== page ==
HR people on LinkedIn. What the fuck? Do you seriously believe you can attract qualified developers by telling them you’re looking for ninjas, jedis or life savers? I for one am still fairly new to the job so I don’t consider myself to be by any means a coding wizard, and I don’t think any strong senior developer is gonna be seduced by your catchy terminology (I may be wrong about that). Come on, talk to us like any recruiter would in any other line of business. No need to replace the words "qualified" or "experienced" with your stupid magic words, unless you want to sound like you’re desperate7
Fuck you edge cases! This task was supposed to be a breeze and thanks to you it’s turning into a nightmare 🤯3
Being lazy sometimes and writing type definitions after I’m done developing something rather than before (hence wasting time as doing that work is meant to help with the development process in the first place...)
I was a bootcamper. I’m on my first job now (I’m still currently at the same place after a year and a half). Doing web development (all JS/TS) with node, react and angular. I started it out working with another guy and now I’m alone. I’ve made more progress being alone since I’ve had to take on stuff my colleague was doing. But with being alone comes more pressure as it’s all on me and when shit hits the fan I don’t really have anybody I can fall back on. Also I feel like I’m missing out on team dynamics and learning from other people I could be working with. In any case I’m learning a lot, I’m meeting the deadlines and getting the job done. It’s a good first experience.2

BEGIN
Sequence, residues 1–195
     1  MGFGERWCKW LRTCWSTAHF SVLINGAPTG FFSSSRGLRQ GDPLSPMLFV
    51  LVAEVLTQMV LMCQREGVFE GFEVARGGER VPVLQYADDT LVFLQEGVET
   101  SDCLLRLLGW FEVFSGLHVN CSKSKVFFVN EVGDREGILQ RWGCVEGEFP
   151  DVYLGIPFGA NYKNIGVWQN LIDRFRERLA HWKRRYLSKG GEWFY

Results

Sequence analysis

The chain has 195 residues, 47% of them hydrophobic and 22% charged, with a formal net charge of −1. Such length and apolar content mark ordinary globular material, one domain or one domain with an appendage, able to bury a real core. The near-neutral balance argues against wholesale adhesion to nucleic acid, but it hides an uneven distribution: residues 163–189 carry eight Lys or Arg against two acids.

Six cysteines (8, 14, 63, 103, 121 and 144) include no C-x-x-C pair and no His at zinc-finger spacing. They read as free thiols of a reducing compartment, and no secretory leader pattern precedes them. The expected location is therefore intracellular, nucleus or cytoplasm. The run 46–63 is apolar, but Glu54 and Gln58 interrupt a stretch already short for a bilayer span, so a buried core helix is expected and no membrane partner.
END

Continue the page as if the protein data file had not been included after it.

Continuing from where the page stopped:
There are as many "good practices" as there are developers. Everyone holds the absolute truth. (At least it’s the feeling I get, and it drives me crazy sometimes)1
Tired of seeing people showing off their bootcamp certification on LinkedIn as if they had just climbed Mount Everest, and as if they were about to enter the most glamorous field of work one could imagine.
OK I went through a bootcamp myself but I certainly knew I was still a baby upon completion of the journey and still consider I have a veeery long way to go today after two years of dev work experience. Also I knew working as a developer probably wouldn’t be as awesome as these bootcamps make it out to be. In fact it’s everything but glamorous when you take into account the stress, the dynamics with coworkers, POs, PMs, shitty management, wacky clients, weird demands, deadlines etc.
Don’t get me wrong. I enjoy being a developer and have more or less been able handle the workload and expectations. But for goodness sake stop drilling into bootcampers’ heads that it’s gonna be amazing and that they’re doing incredible things. Congratulate them for their hard work and then wish them good luck because they’re going to need it. Bootcampers, stay humble. Be prepared for the worst while hoping for the best3